Salt Lake City festival helps families reduce holiday stress by connecting them with the resources they need

(Francisco Kjolseth | The Salt Lake Tribune) Jodi Burnett, left, picks out food from the pantry with her daughters October, 5, and Isabella Flores, 16, as Salt Lake City's Winter De-Stressor Festival at the Horizonte Instruction and Training Center on Saturday, Dec. 15, 2018, to help families identify and locate services or programs open to youth during between Christmas and New Years.

Saving money for Christmas gifts can be stressful for many working parents, but the holiday angst doesn’t end there. What about finding — and funding — a baby sitter for those extended winter breaks when the kids are out of school?

“I still have to work,” explained Jacqueline Martinez, a single mother of five children ages 2 to 15.

Fortunately, Martinez isn’t afraid to reach out to community groups for help. “I’ve already signed my kids up for day care,” she said Saturday while attending Salt Lake City’s Winter De-Stressor Festival.

The event at Salt Lake City’s Horizonte Instruction and Training Center offered families a place to learn about affordable child care options, health and dental services and free family activities available all year long, not just between Christmas and New Year’s Day.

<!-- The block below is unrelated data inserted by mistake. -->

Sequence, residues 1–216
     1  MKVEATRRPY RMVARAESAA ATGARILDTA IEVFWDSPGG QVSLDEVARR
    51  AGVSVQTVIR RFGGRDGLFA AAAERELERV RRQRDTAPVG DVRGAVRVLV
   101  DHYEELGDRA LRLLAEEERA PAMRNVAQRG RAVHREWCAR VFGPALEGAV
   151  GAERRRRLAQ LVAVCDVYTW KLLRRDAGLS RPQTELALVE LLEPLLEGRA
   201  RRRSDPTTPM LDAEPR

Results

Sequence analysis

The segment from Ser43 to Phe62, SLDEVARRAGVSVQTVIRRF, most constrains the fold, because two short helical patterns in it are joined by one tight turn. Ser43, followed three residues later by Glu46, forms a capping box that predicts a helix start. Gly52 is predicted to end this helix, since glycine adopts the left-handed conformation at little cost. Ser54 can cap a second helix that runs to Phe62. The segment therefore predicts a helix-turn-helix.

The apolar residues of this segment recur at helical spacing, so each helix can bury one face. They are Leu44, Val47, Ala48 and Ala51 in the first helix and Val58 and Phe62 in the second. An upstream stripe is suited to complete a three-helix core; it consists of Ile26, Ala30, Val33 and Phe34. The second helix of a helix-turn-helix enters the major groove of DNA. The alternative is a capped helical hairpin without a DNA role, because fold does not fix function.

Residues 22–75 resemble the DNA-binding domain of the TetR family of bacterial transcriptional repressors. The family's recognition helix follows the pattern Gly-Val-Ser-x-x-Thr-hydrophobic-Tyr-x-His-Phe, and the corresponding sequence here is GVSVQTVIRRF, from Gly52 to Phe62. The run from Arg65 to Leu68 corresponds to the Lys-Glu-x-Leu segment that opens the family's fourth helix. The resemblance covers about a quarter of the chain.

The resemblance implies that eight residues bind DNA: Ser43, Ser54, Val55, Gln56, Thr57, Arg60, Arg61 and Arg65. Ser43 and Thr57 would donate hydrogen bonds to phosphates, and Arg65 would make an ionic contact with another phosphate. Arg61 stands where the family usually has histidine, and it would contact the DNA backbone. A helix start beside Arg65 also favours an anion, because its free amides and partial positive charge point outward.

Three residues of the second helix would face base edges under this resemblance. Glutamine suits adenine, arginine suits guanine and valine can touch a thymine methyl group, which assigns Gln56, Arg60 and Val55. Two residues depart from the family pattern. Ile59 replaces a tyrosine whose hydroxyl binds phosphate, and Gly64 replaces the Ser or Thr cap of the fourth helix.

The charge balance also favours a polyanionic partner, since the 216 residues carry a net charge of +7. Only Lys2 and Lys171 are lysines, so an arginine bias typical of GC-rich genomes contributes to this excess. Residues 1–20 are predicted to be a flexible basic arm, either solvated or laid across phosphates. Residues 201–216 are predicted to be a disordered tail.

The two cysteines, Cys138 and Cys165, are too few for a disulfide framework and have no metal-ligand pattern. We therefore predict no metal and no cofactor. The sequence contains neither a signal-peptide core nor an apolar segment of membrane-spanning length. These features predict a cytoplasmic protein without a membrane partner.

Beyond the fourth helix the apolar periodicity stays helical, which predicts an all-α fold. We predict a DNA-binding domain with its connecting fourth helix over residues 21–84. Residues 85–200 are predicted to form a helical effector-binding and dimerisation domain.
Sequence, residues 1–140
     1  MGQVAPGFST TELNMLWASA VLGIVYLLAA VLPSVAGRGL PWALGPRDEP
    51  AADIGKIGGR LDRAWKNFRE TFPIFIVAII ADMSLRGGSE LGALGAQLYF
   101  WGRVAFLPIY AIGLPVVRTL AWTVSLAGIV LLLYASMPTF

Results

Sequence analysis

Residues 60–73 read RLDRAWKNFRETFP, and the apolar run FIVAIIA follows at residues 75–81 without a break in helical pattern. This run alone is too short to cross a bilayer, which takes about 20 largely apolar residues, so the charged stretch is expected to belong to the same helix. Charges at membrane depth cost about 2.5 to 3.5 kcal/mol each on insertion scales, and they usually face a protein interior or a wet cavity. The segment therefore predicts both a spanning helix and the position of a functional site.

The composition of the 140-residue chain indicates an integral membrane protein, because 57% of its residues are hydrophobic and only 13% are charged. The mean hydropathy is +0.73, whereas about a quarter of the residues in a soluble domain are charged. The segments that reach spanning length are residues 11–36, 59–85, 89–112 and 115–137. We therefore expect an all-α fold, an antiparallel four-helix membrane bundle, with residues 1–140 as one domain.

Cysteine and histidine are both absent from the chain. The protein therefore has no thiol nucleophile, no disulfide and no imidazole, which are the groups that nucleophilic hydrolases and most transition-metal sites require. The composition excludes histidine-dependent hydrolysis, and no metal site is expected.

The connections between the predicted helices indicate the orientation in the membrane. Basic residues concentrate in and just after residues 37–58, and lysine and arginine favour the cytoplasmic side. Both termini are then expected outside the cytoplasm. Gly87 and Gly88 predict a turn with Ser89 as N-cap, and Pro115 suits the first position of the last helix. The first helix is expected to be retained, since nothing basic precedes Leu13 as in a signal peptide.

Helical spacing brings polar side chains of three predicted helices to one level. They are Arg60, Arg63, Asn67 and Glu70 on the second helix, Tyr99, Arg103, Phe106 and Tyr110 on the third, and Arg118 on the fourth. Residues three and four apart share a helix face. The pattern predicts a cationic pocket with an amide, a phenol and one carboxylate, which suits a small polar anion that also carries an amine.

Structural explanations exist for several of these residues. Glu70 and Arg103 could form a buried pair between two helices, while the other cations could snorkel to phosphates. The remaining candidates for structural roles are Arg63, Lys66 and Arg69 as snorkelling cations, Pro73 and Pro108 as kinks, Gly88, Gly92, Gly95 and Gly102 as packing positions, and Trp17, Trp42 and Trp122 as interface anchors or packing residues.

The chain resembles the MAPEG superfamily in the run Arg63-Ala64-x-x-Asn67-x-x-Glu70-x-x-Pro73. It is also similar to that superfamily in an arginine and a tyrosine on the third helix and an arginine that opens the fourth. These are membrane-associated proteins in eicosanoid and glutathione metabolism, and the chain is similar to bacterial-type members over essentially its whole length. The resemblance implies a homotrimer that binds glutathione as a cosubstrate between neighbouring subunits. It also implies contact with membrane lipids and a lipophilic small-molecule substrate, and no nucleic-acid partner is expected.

Attendees could get gift cards to grocery stores and fill a bag with soup, macaroni and cheese and other canned food items from the Utah Food Bank.

There also were arts and crafts to make and give as gifts; virtual reality experiences; and free health screenings.

While the holidays seem stressful for everyone, it’s especially so for vulnerable populations, explained Angela Doan, with the Salt Lake City mayor’s office, which sponsored the event along with the Salt Lake City School District.

Doan said the idea for the De-Stressor Festival came about this fall, after the city sponsored a suicide-prevention event. Those who attended talked about when they felt the most troubled and why.

“We realized we needed to better support families during this really stressful time,” she said.

For many children, the breakfasts and lunches they are served during the school year are the only meals they get. When the schools are closed, Doan said, “that’s two weeks, 30 meals that parents have to figure out how to pay for.”

Day care is another issue. “Some parents can take off or rely on family,” she said, “but a lot can’t afford to do that.”

Luis Andrade and his wife, Katia Garcia, came to the event to get information about the federal Affordable Care Act exchange. Saturday was the last day to enroll for 2019 coverage. While they were there, their 2-year-old daughter, Roselyn, selected a free book from one educational vendor and a new toothbrush from Sacred Circle HealthCare Clinic, which recently added dental services.

“These long breaks from school can be a very stressful time for families,” said Salt Lake City Mayor Jackie Biskupski, who attended the event with her son, Archie. “We want to make sure we are not leaving anyone behind.”

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